Sasha Poparic was in his bedroom preparing to go to work on a Friday morning last October when he glanced out his window and saw smoke. At first, he didn’t think much of it.
"I thought, maybe something is burning on the street, like a trash container," said Poparic. "Since no alarm was ringing, why should I leave the building?"
But a few minutes later, he heard the building’s fire alarm. He realized his West Los Angeles high-rise apartment building was on fire.
Poparic opened his front door. The hallways on the 24th floor where he lived were filling with thick black smoke. Suddenly, he thought he might die.
"I thought, you know what, this is it," said Poparic, 42. "I made peace with that."
But Poparic, who runs a Beverly Hills nightclub, gathered his thoughts. He covered his mouth with a wet cloth, and scrambled to the stairwell. He was searching for his neighbor’s 2-year-old, and her 69-year-old grandfather. The neighbor had called from outside asking him to check on them.
Two floors down, Poparic found them, passed out on the stairs.
"I thought they were dead," he said. "She didn’t move at all. He was still holding her."
Poparic performed CPR on the little girl. He saved her and her grandfather. His neighbors in the Barrington Plaza apartments called him a hero. But Poparic was angry.
"I decided to move out immediately," he said
Poparic no longer wanted to live in Barrington Plaza, a 712-unit complex of high-rise apartments that don’t have fire sprinklers. He doesn’t understand why they don’t.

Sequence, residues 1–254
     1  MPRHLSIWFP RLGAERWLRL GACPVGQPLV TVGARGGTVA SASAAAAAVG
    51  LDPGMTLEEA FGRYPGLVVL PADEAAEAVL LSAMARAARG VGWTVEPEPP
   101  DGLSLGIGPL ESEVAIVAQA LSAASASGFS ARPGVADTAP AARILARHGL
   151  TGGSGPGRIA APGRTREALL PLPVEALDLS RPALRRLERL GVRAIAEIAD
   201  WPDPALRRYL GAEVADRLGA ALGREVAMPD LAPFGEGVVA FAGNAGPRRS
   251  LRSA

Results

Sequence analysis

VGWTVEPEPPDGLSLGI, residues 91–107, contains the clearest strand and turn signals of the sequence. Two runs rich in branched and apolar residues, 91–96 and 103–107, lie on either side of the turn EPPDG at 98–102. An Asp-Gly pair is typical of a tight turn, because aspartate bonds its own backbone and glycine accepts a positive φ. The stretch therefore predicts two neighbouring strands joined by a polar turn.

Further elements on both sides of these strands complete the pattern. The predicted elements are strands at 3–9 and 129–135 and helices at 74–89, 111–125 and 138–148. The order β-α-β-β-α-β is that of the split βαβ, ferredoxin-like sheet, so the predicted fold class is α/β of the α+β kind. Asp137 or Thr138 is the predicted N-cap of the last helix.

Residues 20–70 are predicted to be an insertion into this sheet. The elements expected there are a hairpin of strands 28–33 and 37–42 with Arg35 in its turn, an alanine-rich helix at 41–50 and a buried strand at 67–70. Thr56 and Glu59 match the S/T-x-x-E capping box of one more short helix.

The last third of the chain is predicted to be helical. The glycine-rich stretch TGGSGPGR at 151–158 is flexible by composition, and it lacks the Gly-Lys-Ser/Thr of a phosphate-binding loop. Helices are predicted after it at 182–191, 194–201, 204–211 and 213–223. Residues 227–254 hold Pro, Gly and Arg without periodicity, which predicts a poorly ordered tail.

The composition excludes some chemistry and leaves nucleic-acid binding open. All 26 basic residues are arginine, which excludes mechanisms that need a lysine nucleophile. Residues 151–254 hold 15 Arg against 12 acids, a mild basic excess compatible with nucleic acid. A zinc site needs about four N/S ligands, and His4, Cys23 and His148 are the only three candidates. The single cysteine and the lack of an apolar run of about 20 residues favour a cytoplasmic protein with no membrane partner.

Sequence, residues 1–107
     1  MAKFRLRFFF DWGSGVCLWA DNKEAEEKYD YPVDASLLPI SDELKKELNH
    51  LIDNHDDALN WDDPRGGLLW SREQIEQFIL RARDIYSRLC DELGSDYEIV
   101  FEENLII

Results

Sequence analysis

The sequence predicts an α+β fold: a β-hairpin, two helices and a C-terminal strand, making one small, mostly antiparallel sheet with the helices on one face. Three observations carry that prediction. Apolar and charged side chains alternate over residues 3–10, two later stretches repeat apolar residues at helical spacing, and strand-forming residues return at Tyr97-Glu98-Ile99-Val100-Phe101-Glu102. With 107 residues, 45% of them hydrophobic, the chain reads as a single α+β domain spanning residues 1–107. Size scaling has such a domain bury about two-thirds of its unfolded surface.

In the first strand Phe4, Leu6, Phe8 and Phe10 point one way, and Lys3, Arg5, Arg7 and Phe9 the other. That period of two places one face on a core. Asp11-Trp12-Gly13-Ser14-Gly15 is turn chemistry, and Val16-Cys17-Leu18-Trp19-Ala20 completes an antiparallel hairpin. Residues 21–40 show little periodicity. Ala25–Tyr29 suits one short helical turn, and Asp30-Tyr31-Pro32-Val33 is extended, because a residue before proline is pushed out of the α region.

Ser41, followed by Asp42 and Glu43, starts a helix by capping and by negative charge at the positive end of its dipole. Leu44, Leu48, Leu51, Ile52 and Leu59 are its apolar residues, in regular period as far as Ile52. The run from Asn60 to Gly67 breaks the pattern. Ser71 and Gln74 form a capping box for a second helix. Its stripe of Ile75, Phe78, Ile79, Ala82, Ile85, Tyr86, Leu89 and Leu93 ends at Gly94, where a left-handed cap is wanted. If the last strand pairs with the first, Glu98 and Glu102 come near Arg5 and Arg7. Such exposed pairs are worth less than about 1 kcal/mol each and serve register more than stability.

"Its common sense," Poparic said.
In fact, Barrington Plaza is one of 60 older high-rise residential buildings in L.A. that don’t have sprinklers – and aren’t required to. They are home to tens of thousands of people.
How the debate over high rise fire sprinklers was extinguished in LA
To understand why they don’t have sprinklers, you have to go back to 1974. That’s when the L.A. City Council – worried about cost -- voted to require sprinklers only in new commercial and residential high rises. Any residential high rises constructed before 1943 are required to have sprinklers, so the council's action meant high rises built during that 31-year period did not have to install sprinklers.
Things changed after the dramatic 1988 nighttime fire in downtown Los Angeles at the First Interstate Bank, which did not have sprinklers. It lit up the downtown skyline for more than three hours; the blaze killed one person and injured forty.